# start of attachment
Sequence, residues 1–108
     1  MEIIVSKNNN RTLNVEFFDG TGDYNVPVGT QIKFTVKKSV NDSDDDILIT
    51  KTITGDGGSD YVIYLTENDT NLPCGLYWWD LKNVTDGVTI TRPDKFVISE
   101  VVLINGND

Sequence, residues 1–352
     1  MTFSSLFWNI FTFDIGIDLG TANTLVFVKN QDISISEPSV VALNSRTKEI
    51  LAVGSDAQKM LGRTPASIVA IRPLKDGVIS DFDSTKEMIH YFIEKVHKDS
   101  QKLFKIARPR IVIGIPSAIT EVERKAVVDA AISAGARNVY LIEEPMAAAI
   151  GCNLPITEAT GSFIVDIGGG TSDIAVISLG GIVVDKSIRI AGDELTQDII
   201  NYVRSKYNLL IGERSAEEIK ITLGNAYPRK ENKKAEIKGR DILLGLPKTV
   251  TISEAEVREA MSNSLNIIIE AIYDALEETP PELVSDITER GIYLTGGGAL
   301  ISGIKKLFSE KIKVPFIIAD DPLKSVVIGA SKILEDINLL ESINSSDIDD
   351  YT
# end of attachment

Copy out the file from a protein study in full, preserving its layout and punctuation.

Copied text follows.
Sequence, residues 1–108
     1  MEIIVSKNNN RTLNVEFFDG TGDYNVPVGT QIKFTVKKSV NDSDDDILIT
    51  KTITGDGGSD YVIYLTENDT NLPCGLYWWD LKNVTDGVTI TRPDKFVISE
   101  VVLINGND

Sequence, residues 1–352
     1  MTFSSLFWNI FTFDIGIDLG TANTLVFVKN QDISISEPSV VALNSRTKEI
    51  LAVGSDAQKM LGRTPASIVA IRPLKDGVIS DFDSTKEMIH YFIEKVHKDS
   101  QKLFKIARPR IVIGIPSAIT EVERKAVVDA AISAGARNVY LIEEPMAAAI
   151  GCNLPITEAT GSFIVDIGGG TSDIAVISLG GIVVDKSIRI AGDELTQDII
   201  NYVRSKYNLL IGERSAEEIK ITLGNAYPRK ENKKAEIKGR DILLGLPKTV
   251  TISEAEVREA MSNSLNIIIE AIYDALEETP PELVSDITER GIYLTGGGAL
   301  ISGIKKLFSE KIKVPFIIAD DPLKSVVIGA SKILEDINLL ESINSSDIDD
   351  YT